House Speaker Paul Ryan reiterated Thursday his disapproval of the discharge petition, saying during a news conference it's "futile" and that none of the proposed bills will get a presidential signature.

Ryan and his leadership team that includes two men vying to replace him, are stuck in the middle -- struggling to deal with the growing frustration of their moderate members who are tired of being told to wait for him to figure out the issue, and also dealing with threats from the conservative right flank that could tank an unrelated farm bill in their effort to stop the DACA push from the center.

Those Republican leaders have been emphatic that a discharge petition is a bad idea for the conference with six months to go until the midterms and that passing a moderate immigration bill could depress base turnout. They are actively whipping against it. During a conference Wednesday, Ryan and House Majority Leader Kevin McCarthy -- who wants to replace Ryan when he retires in January -- both spoke to this point.

According to a person familiar and a member in the room, McCarthy's message was put down your phones and listen because a discharge petition is not the way we should be legislating. The source said that McCarthy told the conference that discharge petitions hurt the conference and that is the last thing we should be doing right now before the elections.

Moderates insisted last night after their meeting with leadership that they were not backing down. Ringleader Jeff Denham, a California Republican, has pledged he has the votes all along.

All leadership will say is that "conversations continue."

So what's wrong with a couple of votes? Why does leadership care?

The way the votes would work is that whatever bill got the most votes would advance and that's likely to be a more moderate proposal than Republicans want. As CNN has repeatedly reported, it would likely result in the passage of a bill that would offer DACA recipients a path to citizenship along with a package of border security. This kind of procedure gives Democrats much more power than they typically have on the floor in a Republican-controlled House.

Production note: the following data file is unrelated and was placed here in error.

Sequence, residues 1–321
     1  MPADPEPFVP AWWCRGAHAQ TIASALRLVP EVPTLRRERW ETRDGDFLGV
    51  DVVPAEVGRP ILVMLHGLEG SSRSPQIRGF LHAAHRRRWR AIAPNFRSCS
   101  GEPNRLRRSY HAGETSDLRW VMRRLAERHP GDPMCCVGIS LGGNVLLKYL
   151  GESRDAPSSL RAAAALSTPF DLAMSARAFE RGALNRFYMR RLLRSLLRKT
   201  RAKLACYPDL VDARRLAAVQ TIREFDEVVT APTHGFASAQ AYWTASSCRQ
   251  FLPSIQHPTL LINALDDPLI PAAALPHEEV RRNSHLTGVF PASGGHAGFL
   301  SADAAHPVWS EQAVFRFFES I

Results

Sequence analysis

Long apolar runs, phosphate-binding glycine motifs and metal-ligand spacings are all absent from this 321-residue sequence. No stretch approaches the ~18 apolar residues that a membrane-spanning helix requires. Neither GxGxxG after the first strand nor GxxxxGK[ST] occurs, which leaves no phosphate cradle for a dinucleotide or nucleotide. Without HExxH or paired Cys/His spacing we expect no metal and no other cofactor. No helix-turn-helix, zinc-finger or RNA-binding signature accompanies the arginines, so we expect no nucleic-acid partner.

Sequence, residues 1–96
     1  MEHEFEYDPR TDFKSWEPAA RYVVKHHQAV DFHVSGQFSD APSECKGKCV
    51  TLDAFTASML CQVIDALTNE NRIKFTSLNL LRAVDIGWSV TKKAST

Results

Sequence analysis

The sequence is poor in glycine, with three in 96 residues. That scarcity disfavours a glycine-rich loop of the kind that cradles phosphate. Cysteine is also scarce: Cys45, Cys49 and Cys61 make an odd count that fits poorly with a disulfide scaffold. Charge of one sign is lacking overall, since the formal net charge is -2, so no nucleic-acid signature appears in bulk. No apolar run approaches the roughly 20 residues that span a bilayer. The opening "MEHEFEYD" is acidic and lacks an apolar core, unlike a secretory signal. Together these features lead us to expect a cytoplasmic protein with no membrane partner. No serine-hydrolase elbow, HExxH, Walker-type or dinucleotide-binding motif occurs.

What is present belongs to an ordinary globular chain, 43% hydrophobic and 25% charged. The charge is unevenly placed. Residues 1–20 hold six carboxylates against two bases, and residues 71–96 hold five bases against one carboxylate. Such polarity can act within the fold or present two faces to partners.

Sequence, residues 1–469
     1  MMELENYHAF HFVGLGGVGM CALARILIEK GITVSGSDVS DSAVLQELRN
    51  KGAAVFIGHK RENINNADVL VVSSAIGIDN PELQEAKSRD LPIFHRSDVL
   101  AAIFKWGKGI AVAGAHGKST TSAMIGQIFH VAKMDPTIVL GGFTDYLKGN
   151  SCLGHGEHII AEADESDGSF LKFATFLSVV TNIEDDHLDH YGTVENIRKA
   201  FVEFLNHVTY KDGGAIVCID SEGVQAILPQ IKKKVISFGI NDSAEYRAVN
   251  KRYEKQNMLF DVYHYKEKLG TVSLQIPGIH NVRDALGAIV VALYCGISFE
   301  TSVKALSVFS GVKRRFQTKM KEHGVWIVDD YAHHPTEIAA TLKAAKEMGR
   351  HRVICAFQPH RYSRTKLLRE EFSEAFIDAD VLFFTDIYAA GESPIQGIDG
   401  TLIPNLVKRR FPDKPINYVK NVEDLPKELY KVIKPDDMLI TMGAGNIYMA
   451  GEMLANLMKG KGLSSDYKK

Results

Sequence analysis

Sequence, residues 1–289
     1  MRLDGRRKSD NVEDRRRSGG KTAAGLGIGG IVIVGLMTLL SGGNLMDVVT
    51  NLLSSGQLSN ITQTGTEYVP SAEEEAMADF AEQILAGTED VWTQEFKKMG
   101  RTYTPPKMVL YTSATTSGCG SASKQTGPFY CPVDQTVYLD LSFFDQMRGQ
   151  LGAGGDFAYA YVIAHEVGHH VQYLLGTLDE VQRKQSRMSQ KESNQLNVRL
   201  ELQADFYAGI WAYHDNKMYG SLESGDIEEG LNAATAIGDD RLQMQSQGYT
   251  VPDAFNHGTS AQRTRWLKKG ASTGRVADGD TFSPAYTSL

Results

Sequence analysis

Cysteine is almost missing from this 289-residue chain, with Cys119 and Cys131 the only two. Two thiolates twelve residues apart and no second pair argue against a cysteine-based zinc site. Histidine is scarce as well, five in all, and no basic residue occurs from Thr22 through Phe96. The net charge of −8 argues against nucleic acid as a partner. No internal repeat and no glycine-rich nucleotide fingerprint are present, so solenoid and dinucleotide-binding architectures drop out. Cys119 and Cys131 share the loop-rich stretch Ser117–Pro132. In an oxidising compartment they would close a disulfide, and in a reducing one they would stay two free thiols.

What about Trump?

It was notable that McCarthy and Ryan went to the White House on Tuesday to talk immigration. The fact is the only way to stop the discharge petition may be to come up quickly with an alternative bill that has the President's blessing. But the sticking points that existed a few months ago have not gone away and trying to nail down exactly what the White House will accept has proved challenging to say the least.

Ryan's message has been that the conversations continue, but as one aide put it to me it is not as if they have some finished bill they have just been waiting to unveil for this kind of moment. There is real work to be done.

A senior White House official told CNN's Sarah Westwood the White House has had conversations directly with Denham, Curbelo and Virginia Rep. Bob Goodlatte about the discharge petition, as well as with leadership.

The White House is opposed to the discharge petition and does not want it to move forward. But the senior White House official said cracking down on signatures is something "leadership needs to take ownership of, more so than us."

Another source said White House aides, including legislative affairs director Marc Short, have worked with leadership to try to stop the petition and work on a possible alternative plan, one that would incorporate the four pillars plan the White House tried to roll out months ago. But no one seems to see a real path forward for any kind of immigration legislation right now, especially not in the Senate.

RELATED: Trump outlines immigration specifics

At his weekly news conference Thursday, Ryan also defended the President's demands on immigration, saying he's been "extremely reasonable" in his prior requests and indicated the President hasn't made any changes in his demands since his bill failed to advance in the Senate earlier this year.

This story will be updated.

CNN's Ashley Killough, Phil Mattingly and Sarah Westwood contributed to this report.